We've seen some despicable rip-offs appear on iTunes in the past months. Most recently, The Blocks Cometh fell pray to one of the worst straight rip-offs in gaming history -- thankfully fixed by Apple eventually after an Internet outrage. But this, this is a new low. The worst kind of piracy imaginable.
"Developer" iCoder has taken the GPL-released source code from Wolfire's Lugaru, originally meant for fans to create and have fun with, and packaged the whole thing to put on the iTunes App Store as their own game. That's even one step beyond ripping a Flash game to republish yourself, because it's not only simple theft but also a kick in the nuts to Wolfire, who believe that releasing one's source code is something to be encouraged (and do remember they organized the awesome Humble Indie Bundle for all of us).
After being contacted by another gaming blog, iCoder developer Alex Matlin played off the issue because according to him, the GPL license allows iCoder to just repackage the whole thing to sell it for their own profit. Which they can't, as Wolfire clearly and unambiguously stated upon the release of the source code: "Please note that the game data is not under the GPL, and forbids commercial redistribution."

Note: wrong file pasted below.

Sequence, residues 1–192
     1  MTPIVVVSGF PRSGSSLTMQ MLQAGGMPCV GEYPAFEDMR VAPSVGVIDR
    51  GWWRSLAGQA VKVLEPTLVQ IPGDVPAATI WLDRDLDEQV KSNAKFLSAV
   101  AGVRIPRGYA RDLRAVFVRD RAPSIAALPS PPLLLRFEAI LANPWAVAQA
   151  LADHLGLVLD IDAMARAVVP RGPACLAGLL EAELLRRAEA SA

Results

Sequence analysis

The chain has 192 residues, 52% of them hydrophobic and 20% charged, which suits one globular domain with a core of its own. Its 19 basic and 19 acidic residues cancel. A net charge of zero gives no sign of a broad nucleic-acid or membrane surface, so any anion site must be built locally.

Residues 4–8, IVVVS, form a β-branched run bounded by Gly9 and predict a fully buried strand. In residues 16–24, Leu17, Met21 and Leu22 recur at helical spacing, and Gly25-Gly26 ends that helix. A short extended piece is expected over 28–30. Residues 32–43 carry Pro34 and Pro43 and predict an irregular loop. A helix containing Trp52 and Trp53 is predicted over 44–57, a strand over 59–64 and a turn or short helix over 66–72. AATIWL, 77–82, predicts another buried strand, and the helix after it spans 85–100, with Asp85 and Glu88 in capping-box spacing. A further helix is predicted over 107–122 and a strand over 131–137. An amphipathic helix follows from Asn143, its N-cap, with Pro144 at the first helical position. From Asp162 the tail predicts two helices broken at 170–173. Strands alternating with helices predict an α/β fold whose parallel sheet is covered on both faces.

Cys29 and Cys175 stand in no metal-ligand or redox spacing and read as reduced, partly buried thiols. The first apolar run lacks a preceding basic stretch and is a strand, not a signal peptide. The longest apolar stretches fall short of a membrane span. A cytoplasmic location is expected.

Furthermore, if you actually take the effort to read the GPL documents before you rip it off, you can't miss this part:
All game assets and demo data (should all be in "Data" folder in the root of the source tree) are not under the same license as the engine code. Wolfire has allowed the data to be freely redistributed for non commercial purposes, but it is forbidden to use in any revenue generating works.
Look, selling a pirated copy of an original game on a city street corner or in a developing nation is one thing. Selling what is basically a pirated copy on Apple's official App Store -- which is supposedly intended to open up the Mac to things like Lugaru -- and getting it approved by Apple is another thing altogether. Not only that, but iCoder actually raised the price from $0.99 to $1.99 today.
iCoder has no legal grounds to support their claim that it is OK for them to commercially release the same game under the same title with the same assets, so there is no gray area here. Thing is, Quake has similar GPL-released source code to play around with, but you can bet that no one would get a 100% rip-off Quake app approved on the App Store.
Where does that leave us concerned and disgusted folk to support Wolfire with this? This is 2011, after all, and what better year to rise up in outcry against authoritarian power structures using the Internet as a tool? First of all, there is glorious Reddit, which has worked really well in bringing The Blocks Cometh's iTunes rip-off debacle to mass awareness.
Second, iCoder has a contact page for you to voice your concern. You can also take a minute to laugh at their other ripoff apps, like an app that gives you free Hubble telescope pictures... for money!
I'd say spread the word if you haven't already done so today! And while you're at it, check out Wolfire's new game, Overgrowth -- the spiritual successor to Lugaru.
Counterfeit Lugaru on Apple's App Store [Wolfire Blog]
[*].disqus.comto your security software's whitelist.